MARK: It that so if they happen to shut down while the person is looking, they can manually restart them?
ALAN: Yeah. Yeah, basically that, because they're more likely to survive. But during the day, we use them as much as we can, when we use the cloud. And so to go to the next question that you just asked, we coordinate all the configuration with SaltStack. I don't know if you're familiar with the technology.
MARK: Can you explain? Explain for our listeners, for people who aren't as familiar with it.
ALAN: Yeah. It's a configuration and deployment tool. The core is written in Python. And I like Python, so I like it. It's quite configurable, and really, really flexible. It's very straightforward. I mean there's other things like Ansible or Chef. They're similar. I haven't tried many of the others, but I really like Salt.
It's very easy to configure. It's all based on YAML files, which are very human readable. You can have conditional templating in multiple masters, if you want. It's quite flexible.
And so we actually use-- for example, we query some of the VM metadata on the machine to configure itself. So we set some tags and some basic environment variables, some metadata variables. And we use those to, for example, configure which show the slave will be for. And that's using Salt to read the metadata, to then configure the machine on first boot.
MARK: So like you were talking about the person who's working on the show, they can fire up machines, and they can then specify like, hey, I need these resources, and then Salt will go off and configure those resources for them. Does that sound about right?
ALAN: Yeah. Basically, we use the managed instance groups with custom templates. We keep cloning sort of a default template. We change a few attributes for the specs, and what show-- what we have a code name for each show-- what code name it will be for. And then, those machines will launch, given whatever number you request of them. They will appear, and they will begin taking jobs from those shows.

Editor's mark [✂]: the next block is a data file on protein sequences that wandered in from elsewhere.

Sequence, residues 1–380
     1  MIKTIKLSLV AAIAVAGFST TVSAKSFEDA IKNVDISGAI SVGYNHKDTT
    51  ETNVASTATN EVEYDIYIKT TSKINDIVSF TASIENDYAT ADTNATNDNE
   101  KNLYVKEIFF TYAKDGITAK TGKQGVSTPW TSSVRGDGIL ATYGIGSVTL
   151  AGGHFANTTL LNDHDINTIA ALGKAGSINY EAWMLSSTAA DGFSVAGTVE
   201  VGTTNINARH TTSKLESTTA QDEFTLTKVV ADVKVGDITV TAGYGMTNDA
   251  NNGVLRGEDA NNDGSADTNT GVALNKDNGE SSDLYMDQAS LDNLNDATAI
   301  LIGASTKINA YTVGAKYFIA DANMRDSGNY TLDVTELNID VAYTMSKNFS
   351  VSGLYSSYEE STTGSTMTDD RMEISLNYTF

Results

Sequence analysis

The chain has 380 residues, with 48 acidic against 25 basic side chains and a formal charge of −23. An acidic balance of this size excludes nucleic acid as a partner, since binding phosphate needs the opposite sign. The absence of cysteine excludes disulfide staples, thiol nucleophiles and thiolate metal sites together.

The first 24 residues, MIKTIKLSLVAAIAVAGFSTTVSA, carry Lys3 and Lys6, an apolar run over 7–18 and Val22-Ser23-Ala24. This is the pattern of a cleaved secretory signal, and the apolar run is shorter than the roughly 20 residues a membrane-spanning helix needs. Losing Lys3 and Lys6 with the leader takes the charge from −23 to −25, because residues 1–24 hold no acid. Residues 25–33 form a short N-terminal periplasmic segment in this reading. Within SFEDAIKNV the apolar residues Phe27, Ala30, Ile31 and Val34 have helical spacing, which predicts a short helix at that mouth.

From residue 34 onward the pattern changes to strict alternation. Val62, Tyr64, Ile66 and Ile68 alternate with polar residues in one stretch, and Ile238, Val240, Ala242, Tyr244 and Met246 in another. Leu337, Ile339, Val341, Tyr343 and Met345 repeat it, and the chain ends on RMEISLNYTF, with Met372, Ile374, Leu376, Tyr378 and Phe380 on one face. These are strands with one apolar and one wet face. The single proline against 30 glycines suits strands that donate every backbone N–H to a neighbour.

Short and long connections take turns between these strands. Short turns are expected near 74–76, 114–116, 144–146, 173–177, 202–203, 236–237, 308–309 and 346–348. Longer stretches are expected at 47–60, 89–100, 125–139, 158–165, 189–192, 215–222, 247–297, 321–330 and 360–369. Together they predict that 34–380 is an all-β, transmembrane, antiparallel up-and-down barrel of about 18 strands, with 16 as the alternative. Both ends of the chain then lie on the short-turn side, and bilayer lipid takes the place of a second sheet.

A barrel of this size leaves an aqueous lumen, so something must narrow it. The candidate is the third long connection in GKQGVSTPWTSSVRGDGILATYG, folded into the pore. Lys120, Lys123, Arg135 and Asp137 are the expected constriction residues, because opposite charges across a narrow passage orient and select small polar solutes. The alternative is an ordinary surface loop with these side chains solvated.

MARK: Cool. So you've been talking about how you have an on-prem and cloud sort of shared solution.
MARK: How are you-- I'm guessing there are some assets that will need to go up and down. How is that managed? What sort of the challenges have you got there?
ALAN: Yeah, so initially, we tried stuff like Rsync, and maybe even SCP. They were just not fast. It's very single-threaded. It works, but it's really not fast.
And then I start looking at options, and there's a few that sort of flood via UDP to maximize the throughput. But the one that really took the cake for me was a piece of technology from the guys at CERN, the supercollider people. They have a software called FDT, which is very originally called fast data transfer, and it's made in Java.
They don't provide the source, so it's not technically open source. But it is free to use, and it's incredibly fast. You can use it over a VPN SSH tunnel, or directly, if you want.
And basically, it's a bit like Aspera if you know what that is. A lot of people use it in my industry, but Aspera is very expensive. FDT is the same idea, it's a flood of UDP packets that maximize your pipe, and it's extremely concurrent. You can start hundreds of threads with a bunch of data, and it all arrives at the same time. It's so far the only tool that we've seen that can really absolutely maximize our gigabit type that we have going to the internet.
MARK: Are you able to share how fast you're able to get some data transfers, or I things you may have seen?